The British public are becoming better informed on vital role veterinary medicines play in supporting the health and welfare of our animals, research by NOAH finds.
A survey of European public knowledge and attitudes to animal medicines was commissioned by NOAH’s European Federation IFAH-Europe. Over 6,000 online interviews were carried out across the UK, Denmark, Germany, the Netherlands, Poland and Spain.
“In general we in Britain are quite well informed about the benefits of animal medicines,” said Dawn Howard, chief executive of NOAH.
According to the survey, 88 per cent of UK citizens interviewed were aware that pets are given medicines to prevent internal parasites, against 79 per cent in the rest of the EU; plus, 85 per cent were aware pets are to be treated for external parasites such as fleas compared to 76 per cent.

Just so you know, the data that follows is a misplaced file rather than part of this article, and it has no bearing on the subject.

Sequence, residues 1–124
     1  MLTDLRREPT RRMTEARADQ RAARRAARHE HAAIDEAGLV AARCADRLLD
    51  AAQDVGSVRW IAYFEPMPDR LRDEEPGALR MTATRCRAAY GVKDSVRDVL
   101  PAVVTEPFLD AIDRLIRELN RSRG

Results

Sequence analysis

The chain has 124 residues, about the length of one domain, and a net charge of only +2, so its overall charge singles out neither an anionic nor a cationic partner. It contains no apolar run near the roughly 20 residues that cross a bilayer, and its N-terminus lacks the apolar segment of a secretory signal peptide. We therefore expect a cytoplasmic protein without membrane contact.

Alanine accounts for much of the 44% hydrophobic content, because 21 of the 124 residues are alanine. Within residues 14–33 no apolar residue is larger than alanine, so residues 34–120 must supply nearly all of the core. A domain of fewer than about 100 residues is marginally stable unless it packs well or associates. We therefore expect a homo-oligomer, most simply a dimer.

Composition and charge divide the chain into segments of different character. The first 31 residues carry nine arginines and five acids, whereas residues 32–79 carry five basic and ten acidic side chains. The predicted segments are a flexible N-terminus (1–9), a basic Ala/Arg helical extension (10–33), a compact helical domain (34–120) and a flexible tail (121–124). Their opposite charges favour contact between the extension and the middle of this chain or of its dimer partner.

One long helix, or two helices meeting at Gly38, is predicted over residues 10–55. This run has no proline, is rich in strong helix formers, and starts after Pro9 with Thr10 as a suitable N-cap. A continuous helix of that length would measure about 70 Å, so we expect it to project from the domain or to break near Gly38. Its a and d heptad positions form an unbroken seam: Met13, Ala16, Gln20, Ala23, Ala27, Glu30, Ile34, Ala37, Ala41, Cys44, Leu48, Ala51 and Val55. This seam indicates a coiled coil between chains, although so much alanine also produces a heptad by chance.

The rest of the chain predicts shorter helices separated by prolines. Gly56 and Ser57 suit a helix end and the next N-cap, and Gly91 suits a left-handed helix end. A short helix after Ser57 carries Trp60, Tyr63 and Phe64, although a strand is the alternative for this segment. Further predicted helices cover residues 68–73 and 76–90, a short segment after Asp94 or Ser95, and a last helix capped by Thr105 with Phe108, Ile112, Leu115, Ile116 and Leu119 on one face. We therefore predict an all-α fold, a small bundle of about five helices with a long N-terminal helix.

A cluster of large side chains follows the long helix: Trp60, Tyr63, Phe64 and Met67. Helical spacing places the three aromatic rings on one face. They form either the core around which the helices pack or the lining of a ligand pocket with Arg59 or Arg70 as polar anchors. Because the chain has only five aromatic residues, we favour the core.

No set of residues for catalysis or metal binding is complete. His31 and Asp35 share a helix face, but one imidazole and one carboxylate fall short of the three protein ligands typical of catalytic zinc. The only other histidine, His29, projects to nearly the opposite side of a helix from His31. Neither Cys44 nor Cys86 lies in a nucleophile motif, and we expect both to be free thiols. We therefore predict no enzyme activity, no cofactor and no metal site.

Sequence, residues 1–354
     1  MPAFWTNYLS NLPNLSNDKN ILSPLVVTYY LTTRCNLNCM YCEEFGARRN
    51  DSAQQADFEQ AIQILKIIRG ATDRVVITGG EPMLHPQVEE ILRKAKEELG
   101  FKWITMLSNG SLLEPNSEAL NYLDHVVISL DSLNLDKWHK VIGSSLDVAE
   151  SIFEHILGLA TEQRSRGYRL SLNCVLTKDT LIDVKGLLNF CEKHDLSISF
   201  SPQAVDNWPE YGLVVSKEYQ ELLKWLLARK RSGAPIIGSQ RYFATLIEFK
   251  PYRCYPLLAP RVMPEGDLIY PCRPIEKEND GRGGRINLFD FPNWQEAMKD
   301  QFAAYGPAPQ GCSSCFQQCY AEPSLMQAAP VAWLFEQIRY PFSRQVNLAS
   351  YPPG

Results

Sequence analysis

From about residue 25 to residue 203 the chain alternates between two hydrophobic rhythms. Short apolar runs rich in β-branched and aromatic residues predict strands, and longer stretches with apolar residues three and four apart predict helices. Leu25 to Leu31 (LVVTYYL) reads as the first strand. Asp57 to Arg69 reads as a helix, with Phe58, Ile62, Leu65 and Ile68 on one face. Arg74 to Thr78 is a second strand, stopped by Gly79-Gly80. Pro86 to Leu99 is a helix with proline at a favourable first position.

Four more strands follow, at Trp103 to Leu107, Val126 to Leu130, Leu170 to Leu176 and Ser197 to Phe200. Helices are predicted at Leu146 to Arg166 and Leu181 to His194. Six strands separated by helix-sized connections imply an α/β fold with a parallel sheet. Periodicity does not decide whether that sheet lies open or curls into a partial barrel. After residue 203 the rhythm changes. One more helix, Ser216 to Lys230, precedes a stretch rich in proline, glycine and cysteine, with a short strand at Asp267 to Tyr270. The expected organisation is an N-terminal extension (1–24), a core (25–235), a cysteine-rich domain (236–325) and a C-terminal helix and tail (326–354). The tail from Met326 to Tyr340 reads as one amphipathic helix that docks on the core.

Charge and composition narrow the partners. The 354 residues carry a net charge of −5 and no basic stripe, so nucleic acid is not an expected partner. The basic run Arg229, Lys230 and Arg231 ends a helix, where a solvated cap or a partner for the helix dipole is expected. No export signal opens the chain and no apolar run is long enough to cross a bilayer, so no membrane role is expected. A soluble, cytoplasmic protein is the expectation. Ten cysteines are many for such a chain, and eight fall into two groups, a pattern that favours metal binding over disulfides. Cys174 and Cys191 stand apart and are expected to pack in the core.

However, awareness doesn't always translate into good practice. Recently, a study on over 14,000 dogs across the UK, found that 31 per cent of them was carrying a tick, while the latest PDSA Animal Wellbeing (PAW) Report showed a decline since 2014 of 900,000 cats and dogs receiving preventive medication against flea infestation.
"Whilst in general UK citizens are more aware than their European counterparts, there is still room for improvement," a statement by NOAH reads. "Our sector must continue to improve our communications on key areas such as antibiotic resistance, diseases that can pass from animals to people and food security, as many misunderstandings still exist."